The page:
Indigenous students from Saint Andrew’s Catholic Primary School in Malabar celebrated their first communion at the Reconciliation Church in Phillip Bay on Sunday 3 November with the Aboriginal Catholic Ministry.
The church, packed to standing room, was host to friends and family members proud to see their children receive the sacrament. It was the first time in at least three years since the Reconciliation Church had hosted a first communion.
Cousins Zach and Rex Howes, first communion recipients and Year 3 students at St Andrew’s, spoke of their feelings of joy on their first communion day.
“It was a special day today – we got to have Communion,” said Rex.
“There’s a lot going on but I’m having fun,” said Zach.
The Mass was celebrated by Sydney Archbishop Anthony Fisher OP and concelebrated by Fr Darryl Mackie, community chaplain, as well as Aboriginal elder and deacon, Uncle John Allen. The Reconciliation Church community joined in a celebration of their Catholic faith as well as their Indigenous heritage – a unique expression to Aboriginal Catholic Ministry in Sydney.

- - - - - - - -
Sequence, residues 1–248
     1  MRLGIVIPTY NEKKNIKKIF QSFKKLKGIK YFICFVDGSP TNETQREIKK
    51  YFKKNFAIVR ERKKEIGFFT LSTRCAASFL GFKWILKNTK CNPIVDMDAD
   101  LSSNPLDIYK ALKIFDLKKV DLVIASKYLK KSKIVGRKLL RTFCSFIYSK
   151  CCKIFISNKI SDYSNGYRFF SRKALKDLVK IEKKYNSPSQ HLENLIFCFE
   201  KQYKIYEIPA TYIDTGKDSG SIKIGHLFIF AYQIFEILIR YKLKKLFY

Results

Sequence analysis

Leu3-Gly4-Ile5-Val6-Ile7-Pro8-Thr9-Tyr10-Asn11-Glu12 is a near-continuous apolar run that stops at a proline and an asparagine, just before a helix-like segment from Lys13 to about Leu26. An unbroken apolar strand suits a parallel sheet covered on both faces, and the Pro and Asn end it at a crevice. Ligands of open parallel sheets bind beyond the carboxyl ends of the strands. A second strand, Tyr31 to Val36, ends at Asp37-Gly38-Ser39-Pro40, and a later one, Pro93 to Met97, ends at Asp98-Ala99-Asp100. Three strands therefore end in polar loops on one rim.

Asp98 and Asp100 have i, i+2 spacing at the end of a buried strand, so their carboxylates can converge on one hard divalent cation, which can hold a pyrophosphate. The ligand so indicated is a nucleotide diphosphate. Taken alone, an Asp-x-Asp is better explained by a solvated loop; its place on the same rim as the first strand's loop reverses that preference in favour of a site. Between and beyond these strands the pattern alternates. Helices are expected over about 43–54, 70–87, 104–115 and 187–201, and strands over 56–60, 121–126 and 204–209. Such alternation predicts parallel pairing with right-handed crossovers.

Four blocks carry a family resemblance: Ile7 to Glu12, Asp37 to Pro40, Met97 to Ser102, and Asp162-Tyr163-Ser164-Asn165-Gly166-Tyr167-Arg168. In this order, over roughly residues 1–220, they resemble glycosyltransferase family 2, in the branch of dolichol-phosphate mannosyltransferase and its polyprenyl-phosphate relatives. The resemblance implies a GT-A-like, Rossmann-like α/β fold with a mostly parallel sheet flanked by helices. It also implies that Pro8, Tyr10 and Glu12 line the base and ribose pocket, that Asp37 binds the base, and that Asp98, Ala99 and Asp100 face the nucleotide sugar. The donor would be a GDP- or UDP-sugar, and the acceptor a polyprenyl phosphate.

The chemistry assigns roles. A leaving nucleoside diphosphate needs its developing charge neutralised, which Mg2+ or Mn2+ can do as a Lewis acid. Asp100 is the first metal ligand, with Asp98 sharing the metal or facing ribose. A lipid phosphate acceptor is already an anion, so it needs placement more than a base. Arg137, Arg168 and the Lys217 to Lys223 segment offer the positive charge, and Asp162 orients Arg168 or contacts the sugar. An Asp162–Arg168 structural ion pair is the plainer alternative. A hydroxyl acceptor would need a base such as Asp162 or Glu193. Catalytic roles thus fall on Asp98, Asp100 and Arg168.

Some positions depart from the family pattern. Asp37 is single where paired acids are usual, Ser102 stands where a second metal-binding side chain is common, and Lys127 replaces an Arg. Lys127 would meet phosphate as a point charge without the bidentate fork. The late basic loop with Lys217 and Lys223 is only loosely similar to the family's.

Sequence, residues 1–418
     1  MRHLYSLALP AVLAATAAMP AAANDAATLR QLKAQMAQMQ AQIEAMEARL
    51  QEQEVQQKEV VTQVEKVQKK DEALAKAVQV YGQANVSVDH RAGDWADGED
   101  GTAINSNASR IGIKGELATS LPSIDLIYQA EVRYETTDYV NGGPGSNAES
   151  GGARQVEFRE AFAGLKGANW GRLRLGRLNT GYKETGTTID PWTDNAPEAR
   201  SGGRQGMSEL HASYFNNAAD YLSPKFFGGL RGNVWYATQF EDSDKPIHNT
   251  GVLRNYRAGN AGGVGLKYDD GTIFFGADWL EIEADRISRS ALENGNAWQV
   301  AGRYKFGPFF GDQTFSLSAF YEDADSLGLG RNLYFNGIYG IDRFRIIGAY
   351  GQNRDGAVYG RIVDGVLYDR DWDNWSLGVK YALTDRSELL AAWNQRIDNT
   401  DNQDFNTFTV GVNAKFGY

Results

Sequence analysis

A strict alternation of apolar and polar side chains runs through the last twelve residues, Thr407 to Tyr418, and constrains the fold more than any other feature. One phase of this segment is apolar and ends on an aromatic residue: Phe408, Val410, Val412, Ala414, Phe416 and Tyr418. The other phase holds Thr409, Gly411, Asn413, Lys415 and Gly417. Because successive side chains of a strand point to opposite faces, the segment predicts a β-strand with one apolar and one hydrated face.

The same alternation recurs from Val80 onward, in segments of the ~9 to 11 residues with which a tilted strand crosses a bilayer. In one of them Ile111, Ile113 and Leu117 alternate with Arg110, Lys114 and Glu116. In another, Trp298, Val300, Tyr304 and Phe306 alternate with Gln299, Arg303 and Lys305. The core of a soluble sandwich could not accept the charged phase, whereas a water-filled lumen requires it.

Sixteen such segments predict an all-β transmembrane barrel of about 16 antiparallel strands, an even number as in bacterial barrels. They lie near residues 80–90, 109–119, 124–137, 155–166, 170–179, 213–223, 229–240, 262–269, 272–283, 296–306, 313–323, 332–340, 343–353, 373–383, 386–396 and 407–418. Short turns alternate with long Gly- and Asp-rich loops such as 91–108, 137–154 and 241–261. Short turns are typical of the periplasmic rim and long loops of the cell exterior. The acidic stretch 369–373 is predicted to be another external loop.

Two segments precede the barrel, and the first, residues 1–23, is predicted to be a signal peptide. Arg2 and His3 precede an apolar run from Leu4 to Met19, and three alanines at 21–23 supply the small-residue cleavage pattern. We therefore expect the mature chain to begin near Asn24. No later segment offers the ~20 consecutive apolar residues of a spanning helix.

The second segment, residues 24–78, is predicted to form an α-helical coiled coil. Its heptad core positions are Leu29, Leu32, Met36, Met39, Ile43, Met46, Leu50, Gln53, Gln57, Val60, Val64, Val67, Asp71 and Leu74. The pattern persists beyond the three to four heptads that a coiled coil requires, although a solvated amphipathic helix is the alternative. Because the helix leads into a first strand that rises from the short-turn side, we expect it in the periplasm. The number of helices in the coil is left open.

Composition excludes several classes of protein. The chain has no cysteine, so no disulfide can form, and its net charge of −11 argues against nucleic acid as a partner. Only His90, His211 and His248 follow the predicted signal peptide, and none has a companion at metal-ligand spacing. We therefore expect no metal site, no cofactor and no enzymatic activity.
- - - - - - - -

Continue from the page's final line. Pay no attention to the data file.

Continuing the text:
Community elder, Aunty Elsie Heiss, who did the welcome to country before the Mass, spoke on the importance of the day and was touched by the presence of Sydney Archbishop Fisher who she greeted with much affection. “It was just wonderful having the Archbishop here and it’s wonderful to see all our beautiful children,” she said. “It’s a very special day for the Aboriginal Catholic Ministry and our community.”
Other elders of the Aboriginal Catholic Ministry present included Aunty Gloria Martin and Aunty Diat Callope.
“I thought the kids were beautiful today and Archbishop Fisher was lovely,” said Aunty Gloria.
Fr Mackie highlighted the important work parents and elders had in bringing the day to fruition. “Today was a very exciting day for our community with much preparation from the ministry team and parents,” he said.
At the conclusion of the Mass Archbishop Fisher thanked the Aboriginal Catholic Ministry and community. “Thank you elders for the welcome here today – I’ve felt at home here. Thank you for bringing me in to your family,” he said.
The events were held on the traditional land of the Bidjigal people who are custodians of the Botany Bay area.
By David Ryan. Reproduced with permission from The Catholic Weekly, the online news publication of the Archdiocese of Sydney.